How to: Grow your own Christmas Dinner!

We hope you all enjoyed a sumptuous dinner yesterday to celebrate Christmas Day. From delicious roast potatoes to dreamy glazed parsnips and carrots, dishing up home-grown veg on Christmas day would be quite the achievement. If you act early and sow slow-growing vegetables in the new year you’ll have them peak in time for next Christmas, and what’s more, they can be all grown in containers! Read our quick guide on how to impress with festive vegetables picked straight from the garden.


Growing potatoes in a container is an ideal way to grow fresh produce as it minimises the amount of space you need, making them ideal for small spaces like balconies, yards or patios. The best varieties to grow for a festive crop are Charlotte, Duke of York, Maris Peer and Pentland Javelin. To have potatoes for Christmas day, you’ll need to get them planted in August as they take 12 weeks until they are ready to be harvested.

We recommend using a pot that is approximately 15in in diameter and depth. To grow, fill the bottom of the pot with a 10cm of multi-purpose compost. Place up to five chitted seed potatoes in the pot, then cover with another 10cm of compost. When green shoots begin to show, cover with another 10cm of compost and continue to do this until you have reached the top. Your potatoes are ready to harvest when the plant is in flower.


Short rooted carrot varieties such as Chantaney, Oxheart and Round can be grown in a container of at least 30cm depth. They prefer soil that is lightweight with good drainage and free from twigs and stones. Make planting holes 1.5cm deep and 1.5cm apart in your compost then sow your seeds from April onwards with approximately 3/4 seeds in each. Water and your seedlings should appear within 14 days. If seedlings are too close together, thin out the weakest plants. The carrots can be harvested between 12 and 16 weeks after sowing and can be stored for Christmas.


If you intend to grow in cabbages in pots, it is best to grow one or two in large, deep containers, ideally about 12in diameter and 8in in depth. For winter cabbages such as Supervoy and Tundra that will be ready for your festive feast, it is best to start sowing your seed in April/May, before transplanting into your container in late June/July. Plant seeds from ½ to ¾ inch below the soil. When you are watering, avoid the cabbage leaves and apply water directly to the roots to prevent causing the plant to rot. When the heads are firm, it’s ready to harvest!


Garlic can be successfully grown in pots of approximately 10in for 8-10 bulbs. Separate the bulbs into individual cloves, place them just under the surface of the soil, pointy end up. Garlic needs a long growing season so needs to be planted ideally in early spring. You will know when to harvest your crop when the leaves start to die down and turn yellow in autumn. They can then be stored in a cool, dry place at 5-10°C until you're ready to use them at Christmas. We recommend using varieties such as Solent White AGM, Carcassonne Wight and Picardy Wight.


A popular winter vegetable, leeks require a container that is about 18 inches deep. For Christmas harvesting, we recommend that you sow your seeds from mid-March to mid-April.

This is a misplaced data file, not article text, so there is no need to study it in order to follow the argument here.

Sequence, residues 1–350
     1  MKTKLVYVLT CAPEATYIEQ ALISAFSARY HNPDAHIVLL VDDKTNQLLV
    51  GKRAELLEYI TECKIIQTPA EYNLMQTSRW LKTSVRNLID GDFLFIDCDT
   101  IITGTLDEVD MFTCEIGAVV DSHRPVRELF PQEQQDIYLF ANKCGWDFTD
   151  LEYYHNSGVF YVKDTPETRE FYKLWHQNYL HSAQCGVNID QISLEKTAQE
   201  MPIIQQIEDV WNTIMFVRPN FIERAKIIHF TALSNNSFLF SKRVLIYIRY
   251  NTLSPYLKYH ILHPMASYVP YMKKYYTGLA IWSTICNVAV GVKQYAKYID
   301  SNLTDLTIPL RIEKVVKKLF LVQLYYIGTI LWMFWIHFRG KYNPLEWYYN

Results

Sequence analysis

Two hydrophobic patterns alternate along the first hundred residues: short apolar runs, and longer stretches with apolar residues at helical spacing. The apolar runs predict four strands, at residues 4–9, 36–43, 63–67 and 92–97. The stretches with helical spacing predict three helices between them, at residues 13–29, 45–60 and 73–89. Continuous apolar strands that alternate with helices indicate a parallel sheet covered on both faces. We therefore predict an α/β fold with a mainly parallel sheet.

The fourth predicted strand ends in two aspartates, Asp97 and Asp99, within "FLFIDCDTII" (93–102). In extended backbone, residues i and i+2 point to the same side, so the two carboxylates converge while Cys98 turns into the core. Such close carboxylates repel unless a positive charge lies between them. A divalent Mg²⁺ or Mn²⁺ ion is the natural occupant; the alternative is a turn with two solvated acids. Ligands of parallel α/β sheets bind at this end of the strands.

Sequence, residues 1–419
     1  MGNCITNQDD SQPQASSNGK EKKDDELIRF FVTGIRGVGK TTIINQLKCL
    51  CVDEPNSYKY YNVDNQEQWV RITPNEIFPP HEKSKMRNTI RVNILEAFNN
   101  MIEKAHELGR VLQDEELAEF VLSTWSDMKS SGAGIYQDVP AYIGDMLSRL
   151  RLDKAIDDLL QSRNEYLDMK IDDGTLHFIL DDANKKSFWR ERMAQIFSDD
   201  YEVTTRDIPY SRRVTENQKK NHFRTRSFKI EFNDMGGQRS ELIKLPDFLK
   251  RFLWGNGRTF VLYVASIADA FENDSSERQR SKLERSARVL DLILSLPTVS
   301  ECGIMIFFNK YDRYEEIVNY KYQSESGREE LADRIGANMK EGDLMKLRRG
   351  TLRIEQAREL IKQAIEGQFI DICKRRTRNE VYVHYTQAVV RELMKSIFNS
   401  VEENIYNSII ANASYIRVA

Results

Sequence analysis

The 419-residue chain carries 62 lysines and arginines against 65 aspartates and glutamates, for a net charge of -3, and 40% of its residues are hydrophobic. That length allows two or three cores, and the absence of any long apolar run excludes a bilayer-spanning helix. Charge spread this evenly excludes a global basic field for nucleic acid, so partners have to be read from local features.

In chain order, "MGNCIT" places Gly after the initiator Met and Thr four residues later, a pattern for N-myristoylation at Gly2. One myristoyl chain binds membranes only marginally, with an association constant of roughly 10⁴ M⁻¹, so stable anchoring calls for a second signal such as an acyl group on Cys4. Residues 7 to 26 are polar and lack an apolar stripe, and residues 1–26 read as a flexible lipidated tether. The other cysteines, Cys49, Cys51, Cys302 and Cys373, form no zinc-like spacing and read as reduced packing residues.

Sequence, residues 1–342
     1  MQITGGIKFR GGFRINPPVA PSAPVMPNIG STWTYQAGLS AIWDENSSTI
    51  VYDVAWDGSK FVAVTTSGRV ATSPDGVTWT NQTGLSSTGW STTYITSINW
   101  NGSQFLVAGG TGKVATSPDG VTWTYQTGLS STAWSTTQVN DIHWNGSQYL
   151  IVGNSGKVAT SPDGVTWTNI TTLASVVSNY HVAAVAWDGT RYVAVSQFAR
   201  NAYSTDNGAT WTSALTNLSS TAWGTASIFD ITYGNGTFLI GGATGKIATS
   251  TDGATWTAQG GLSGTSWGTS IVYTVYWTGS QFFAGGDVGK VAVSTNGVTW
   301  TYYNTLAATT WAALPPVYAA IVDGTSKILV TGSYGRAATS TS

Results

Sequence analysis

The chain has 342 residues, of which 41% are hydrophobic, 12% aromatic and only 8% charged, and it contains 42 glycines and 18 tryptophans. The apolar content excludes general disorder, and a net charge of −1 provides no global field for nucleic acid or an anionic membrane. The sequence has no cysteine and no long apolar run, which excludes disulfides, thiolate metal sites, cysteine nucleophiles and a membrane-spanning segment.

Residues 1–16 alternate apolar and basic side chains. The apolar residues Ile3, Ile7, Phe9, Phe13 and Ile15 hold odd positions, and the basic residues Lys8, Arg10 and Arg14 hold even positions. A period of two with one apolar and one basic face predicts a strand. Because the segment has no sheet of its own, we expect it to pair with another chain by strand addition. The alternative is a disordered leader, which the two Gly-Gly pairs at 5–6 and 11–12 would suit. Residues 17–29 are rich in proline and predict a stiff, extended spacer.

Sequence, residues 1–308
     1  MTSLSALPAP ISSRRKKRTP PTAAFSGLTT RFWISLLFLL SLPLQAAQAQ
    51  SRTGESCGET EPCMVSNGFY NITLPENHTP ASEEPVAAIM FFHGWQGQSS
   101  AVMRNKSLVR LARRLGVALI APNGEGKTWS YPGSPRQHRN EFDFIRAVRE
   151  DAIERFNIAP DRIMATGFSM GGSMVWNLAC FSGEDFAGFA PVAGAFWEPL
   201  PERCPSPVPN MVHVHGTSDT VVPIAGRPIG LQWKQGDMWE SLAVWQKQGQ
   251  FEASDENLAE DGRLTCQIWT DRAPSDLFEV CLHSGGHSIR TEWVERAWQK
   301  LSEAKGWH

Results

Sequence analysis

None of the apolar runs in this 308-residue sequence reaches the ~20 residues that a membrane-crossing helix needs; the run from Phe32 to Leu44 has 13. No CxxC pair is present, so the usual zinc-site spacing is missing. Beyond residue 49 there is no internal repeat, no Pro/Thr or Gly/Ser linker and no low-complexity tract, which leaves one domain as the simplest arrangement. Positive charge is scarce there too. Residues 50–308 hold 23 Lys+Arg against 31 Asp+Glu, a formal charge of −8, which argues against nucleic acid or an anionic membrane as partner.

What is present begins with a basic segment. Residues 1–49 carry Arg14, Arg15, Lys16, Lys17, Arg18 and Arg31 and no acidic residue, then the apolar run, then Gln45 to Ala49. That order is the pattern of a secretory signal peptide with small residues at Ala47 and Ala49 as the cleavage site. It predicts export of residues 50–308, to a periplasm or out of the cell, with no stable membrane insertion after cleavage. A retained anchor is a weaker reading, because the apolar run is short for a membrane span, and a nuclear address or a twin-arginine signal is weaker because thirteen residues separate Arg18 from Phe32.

Leeks can be sown in small pots with one seed in each pot. Germination will happen after about two weeks. They can be quite hungry plants, so a sprinkle of poultry manure spread around the roots will help aid growth.

You can start to harvest leeks whilst they are still small by gently lifting from the ground using a hand fork – this will give you a longer harvesting period throughout the year. Leeks are very hardy and will stand in the soil perfectly well through the winter until needed at Christmas. They will also keep in the freezer for about three months.


Parsnips are not just easy to grow, nutritious and versatile, they are also extremely hardy and when glazed, are melt in the mouth with your Christmas meal. Our favourite varieties are Gladiator F1 and Palace F1 which can be sown from February to May and harvested between October and Christmas Day.

Even though, they can be sown from June onwards, they can be left in the soil over winter and harvest as needed at Christmas. Once the leaves above the surface start to die down, the parsnips are ready to harvest and roasted for the big day!


Sage is a must with your turkey and stuffing, especially during the Christmas period. A hardy perennial plant, the aromatic leaves and flowers make it an attractive addition for your container herb garden. Sage is a slow starter from seed so it’s best to start sowing in April to guarantee Christmas flavour. It is very easy to grow and prefers a well-drained compost with some moisture and can grow in a container placed in either a sunny and shady position.


What is turkey, without cranberry sauce? You can grow this juicy fruit s in large pots, ideally around 12in in size. They prefer acidic soil so it’s best to water with rainwater, fresh from your water butt. Cranberries can be picked around late September to mid-October, so plenty of time to make your jars of cranberry sauce for your Christmas lunch.

Let us know what you plan to grow for next Christmas by tagging us with #gardenesquegarden on your journey.

Browse our full Pots and planters collection to start growing!

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